Pumpkin picking starts despite severe summer drought

Summer’s drought is impacting fall crops like pumpkins.
As the pumpkin-picking season gets underway, second-generation farmer Norman Grieg said patrons will notice this year’s pumpkins are smaller.
"If you want a big pumpkin, you have to water it every week," he said. "August, we didn't see any (rain), today we had an inch."
Thursday's rain was much needed at Greig Farm in Red Hook, but it's been a rare sight across the Hudson Valley.
According to the National Integrated Drought Information System, Dutchess County had its second driest August on record and 68% of the county is still in a severe drought.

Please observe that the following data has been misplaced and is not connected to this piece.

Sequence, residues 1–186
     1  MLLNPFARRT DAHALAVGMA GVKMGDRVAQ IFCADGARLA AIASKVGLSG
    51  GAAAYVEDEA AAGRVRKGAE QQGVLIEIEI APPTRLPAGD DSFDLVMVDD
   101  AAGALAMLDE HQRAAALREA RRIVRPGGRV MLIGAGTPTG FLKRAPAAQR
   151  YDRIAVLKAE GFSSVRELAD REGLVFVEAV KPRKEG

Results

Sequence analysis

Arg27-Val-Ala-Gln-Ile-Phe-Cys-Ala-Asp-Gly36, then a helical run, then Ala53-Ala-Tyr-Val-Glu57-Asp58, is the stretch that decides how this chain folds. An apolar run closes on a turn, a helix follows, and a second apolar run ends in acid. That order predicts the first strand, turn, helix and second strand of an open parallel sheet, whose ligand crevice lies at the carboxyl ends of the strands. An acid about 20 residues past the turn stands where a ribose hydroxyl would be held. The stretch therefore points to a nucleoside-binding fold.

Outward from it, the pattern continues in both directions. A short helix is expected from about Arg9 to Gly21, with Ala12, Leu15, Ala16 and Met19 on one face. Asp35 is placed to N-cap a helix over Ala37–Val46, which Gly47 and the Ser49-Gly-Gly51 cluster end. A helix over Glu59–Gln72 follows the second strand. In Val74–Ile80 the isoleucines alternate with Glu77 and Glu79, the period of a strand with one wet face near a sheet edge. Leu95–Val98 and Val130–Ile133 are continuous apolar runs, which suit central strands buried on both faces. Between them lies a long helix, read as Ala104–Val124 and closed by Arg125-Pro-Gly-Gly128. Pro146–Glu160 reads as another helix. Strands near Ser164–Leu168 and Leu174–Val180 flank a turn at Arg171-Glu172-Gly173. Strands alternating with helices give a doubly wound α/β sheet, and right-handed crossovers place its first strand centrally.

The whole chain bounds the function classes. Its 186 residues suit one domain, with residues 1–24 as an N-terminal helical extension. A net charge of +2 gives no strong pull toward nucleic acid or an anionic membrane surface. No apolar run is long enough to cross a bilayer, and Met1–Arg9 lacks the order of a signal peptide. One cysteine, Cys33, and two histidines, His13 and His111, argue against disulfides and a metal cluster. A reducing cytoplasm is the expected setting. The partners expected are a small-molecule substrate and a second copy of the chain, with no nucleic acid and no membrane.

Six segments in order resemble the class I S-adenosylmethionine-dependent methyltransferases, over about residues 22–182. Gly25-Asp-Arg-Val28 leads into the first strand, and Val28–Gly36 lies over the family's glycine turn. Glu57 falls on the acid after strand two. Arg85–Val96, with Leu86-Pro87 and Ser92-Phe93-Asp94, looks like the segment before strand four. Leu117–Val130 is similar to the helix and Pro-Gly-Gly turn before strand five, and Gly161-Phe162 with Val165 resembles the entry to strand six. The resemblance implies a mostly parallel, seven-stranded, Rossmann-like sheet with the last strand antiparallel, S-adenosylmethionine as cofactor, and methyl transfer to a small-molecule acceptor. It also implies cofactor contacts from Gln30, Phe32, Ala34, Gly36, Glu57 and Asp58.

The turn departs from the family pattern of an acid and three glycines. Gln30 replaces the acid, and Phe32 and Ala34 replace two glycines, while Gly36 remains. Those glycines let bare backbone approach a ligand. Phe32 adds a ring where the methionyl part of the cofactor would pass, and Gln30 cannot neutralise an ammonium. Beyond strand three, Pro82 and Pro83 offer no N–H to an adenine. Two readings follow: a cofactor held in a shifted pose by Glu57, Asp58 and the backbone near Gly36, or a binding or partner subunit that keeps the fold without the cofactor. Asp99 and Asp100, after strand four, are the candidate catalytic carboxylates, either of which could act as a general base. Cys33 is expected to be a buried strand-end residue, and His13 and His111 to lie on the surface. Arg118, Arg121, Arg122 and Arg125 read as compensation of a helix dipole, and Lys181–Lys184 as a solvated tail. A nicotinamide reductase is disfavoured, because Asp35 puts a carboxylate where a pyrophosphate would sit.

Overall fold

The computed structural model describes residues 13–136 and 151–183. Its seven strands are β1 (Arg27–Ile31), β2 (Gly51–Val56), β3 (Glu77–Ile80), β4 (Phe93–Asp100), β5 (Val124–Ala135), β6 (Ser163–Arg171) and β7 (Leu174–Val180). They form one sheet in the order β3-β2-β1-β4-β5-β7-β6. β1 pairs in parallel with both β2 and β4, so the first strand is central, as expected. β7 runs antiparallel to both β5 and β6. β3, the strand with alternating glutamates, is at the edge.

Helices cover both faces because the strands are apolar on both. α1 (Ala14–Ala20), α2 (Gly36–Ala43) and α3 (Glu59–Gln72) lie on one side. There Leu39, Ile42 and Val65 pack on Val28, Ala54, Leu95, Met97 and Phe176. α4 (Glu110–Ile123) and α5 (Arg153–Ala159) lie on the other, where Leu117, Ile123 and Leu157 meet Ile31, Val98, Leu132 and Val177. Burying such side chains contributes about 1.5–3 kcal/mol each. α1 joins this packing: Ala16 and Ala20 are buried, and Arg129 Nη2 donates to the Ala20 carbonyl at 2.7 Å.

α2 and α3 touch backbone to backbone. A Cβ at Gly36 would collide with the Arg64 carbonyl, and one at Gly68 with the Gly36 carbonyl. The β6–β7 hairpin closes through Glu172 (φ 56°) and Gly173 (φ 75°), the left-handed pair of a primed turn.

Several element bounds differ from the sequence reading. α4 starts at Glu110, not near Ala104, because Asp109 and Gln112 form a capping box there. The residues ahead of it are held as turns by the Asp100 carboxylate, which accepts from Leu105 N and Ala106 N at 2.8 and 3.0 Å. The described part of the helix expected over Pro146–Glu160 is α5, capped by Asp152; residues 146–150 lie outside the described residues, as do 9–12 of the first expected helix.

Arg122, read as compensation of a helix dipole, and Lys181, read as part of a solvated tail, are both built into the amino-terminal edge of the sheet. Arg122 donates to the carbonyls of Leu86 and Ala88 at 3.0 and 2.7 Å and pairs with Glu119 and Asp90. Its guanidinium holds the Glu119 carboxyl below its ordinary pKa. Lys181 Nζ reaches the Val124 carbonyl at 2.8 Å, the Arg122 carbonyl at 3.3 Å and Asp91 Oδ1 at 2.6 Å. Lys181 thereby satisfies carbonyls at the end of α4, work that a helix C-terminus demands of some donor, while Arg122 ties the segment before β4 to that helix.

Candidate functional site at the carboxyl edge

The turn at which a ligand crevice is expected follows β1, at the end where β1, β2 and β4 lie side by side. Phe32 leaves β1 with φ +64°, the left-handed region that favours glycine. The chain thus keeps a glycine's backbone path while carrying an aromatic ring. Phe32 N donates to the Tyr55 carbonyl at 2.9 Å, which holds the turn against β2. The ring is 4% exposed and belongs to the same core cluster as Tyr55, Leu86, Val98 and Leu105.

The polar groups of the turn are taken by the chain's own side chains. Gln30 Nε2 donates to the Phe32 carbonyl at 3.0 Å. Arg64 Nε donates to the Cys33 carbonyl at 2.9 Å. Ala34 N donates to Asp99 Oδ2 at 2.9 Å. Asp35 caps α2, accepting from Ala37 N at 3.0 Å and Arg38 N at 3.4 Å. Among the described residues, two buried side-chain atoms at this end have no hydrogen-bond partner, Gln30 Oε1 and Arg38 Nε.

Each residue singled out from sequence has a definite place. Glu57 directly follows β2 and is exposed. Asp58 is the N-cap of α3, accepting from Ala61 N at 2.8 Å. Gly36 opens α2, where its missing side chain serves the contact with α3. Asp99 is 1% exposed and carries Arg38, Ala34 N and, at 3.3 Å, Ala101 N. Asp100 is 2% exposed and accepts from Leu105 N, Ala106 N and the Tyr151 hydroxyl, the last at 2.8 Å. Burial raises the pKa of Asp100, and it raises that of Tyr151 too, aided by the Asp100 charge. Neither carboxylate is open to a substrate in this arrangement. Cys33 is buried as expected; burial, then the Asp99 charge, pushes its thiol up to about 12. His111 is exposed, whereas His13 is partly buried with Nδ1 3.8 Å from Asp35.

"Each crop that you grow, you can plant it, you can care for it, but if it doesn't get water, it doesn't grow," said Greig.
It's caused many farmers to invest in irrigation equipment, which Greig luckily already had. He needs it to water his 20 acres of pumpkins.
The farm grows 32 varieties of pumpkins and gourds.
Greig Farm is open for apple and pumpkin picking seven days a week.
Picking the best pumpkin is really subjective, but the farm offers some tips:
-If you're picking to carve a pumpkin, it's a good idea to know what design you want. That will help you decide what color to get and how big of a smooth surface you want..
-Don't use the stem as a handle, they aren't strong enough to hold the weight of a pumpkin, especially the bigger ones.
-Bring a rag to wipe your pumpkin so you can better inspect it.